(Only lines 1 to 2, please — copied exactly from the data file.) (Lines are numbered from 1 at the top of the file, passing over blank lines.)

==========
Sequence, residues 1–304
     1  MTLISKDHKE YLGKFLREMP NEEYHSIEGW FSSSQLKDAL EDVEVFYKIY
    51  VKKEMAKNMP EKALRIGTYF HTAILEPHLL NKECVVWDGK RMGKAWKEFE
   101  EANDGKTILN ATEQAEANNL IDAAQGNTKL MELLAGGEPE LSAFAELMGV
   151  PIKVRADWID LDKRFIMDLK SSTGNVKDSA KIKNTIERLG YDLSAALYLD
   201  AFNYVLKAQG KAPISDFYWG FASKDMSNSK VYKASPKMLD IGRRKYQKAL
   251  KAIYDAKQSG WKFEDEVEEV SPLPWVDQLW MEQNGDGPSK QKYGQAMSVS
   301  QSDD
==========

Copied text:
Sequence, residues 1–304
     1  MTLISKDHKE YLGKFLREMP NEEYHSIEGW FSSSQLKDAL EDVEVFYKIY